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Designing a blood test that can predict lifespan

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Designing a blood test that can predict lifespan

Designing a blood test that can predict lifespan



The ability to predict how long someone is likely to live would
help doctors tailor treatment plans. A new study looking at biomarkers
in the blood concludes that more accurately estimating mortality might
soon be possible.





Researcher holding blood sample




Researchers analyze blood in the search for markers of mortality risk.





As it stands, doctors can predict mortality within the final year of life with some degree of accuracy.





However, predicting it over longer periods — such as 5–10 years — is not yet possible.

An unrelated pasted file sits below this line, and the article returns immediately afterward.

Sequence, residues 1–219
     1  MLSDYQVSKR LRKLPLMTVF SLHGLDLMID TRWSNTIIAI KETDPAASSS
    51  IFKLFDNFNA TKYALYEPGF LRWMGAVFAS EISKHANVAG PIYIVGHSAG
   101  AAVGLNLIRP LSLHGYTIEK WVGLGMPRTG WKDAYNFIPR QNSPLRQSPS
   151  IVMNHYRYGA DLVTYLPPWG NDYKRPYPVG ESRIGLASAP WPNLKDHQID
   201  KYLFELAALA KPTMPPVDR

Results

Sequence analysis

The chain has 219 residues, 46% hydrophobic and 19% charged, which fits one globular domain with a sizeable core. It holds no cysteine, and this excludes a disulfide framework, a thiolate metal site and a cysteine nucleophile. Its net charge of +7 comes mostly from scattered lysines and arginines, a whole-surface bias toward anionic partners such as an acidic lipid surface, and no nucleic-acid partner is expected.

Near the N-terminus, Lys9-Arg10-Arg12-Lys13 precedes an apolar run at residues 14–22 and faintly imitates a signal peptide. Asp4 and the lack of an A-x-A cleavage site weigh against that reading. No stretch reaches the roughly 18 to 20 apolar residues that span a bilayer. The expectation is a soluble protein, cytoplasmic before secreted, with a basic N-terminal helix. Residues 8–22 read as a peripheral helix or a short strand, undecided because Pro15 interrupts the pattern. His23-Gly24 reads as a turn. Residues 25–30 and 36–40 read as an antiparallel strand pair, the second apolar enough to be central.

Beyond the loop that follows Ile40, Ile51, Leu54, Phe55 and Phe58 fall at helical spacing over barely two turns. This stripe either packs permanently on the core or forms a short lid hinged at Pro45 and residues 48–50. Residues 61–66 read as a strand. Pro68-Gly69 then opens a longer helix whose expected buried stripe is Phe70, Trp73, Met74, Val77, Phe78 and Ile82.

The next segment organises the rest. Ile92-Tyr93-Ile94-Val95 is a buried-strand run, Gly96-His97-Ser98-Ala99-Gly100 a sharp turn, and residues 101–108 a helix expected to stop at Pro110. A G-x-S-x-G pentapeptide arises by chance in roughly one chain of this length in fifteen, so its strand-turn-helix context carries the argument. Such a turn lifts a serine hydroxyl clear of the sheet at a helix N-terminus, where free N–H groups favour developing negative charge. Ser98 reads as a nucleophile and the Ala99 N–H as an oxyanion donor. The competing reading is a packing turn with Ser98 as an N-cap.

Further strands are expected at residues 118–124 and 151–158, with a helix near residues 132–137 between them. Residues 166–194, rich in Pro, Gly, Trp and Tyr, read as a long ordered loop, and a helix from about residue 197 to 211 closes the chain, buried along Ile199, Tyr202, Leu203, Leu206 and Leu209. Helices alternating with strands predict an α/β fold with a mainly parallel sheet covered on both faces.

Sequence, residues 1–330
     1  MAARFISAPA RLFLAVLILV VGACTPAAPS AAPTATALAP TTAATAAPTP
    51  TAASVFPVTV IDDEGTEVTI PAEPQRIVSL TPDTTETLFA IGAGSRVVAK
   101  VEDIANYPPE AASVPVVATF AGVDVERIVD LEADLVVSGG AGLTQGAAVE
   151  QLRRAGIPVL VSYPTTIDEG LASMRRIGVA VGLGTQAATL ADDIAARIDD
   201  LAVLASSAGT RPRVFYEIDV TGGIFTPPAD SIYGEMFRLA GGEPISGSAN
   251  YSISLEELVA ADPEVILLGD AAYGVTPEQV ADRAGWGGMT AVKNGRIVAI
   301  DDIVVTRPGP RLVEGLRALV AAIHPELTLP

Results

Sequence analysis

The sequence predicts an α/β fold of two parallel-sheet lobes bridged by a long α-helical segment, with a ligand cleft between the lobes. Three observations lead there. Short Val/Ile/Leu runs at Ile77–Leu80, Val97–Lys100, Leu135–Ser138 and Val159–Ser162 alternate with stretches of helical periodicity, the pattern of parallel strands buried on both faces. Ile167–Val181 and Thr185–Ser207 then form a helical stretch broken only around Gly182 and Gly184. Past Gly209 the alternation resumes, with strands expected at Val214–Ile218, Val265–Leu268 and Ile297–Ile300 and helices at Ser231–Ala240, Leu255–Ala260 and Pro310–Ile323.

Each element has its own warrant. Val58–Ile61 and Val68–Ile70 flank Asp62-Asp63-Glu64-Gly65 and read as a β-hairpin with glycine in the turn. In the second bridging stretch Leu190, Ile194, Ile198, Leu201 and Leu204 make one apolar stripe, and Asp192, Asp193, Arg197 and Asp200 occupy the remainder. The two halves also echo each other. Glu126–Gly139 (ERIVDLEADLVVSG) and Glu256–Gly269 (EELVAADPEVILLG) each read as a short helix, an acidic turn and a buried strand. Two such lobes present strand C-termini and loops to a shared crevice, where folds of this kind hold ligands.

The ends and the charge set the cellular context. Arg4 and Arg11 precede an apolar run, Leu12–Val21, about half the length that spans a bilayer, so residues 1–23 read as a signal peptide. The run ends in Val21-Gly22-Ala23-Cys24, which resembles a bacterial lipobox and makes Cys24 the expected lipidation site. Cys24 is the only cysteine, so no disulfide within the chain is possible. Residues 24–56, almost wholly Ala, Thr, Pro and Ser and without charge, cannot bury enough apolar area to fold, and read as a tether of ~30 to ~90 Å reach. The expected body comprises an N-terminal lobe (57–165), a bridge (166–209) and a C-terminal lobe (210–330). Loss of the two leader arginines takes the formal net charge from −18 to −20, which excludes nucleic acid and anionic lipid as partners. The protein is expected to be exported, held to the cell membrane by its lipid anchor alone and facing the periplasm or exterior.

A group of scientists who recently published a paper in the journal Nature Communications hope that they are now on the path toward developing a reliable predictive tool.





They believe that a blood test might one day be able to predict
whether someone is likely to live 5 or 10 more years. The authors
explain that this would help doctors make important treatment decisions.





For instance, they would be able to ascertain if an older adult is
healthy enough to have surgery, or help identify those in most need of
medical intervention.





A test like this might also
benefit clinical trials: Scientists could monitor how an intervention
impacts mortality risk without having to run trials until enough people
die.


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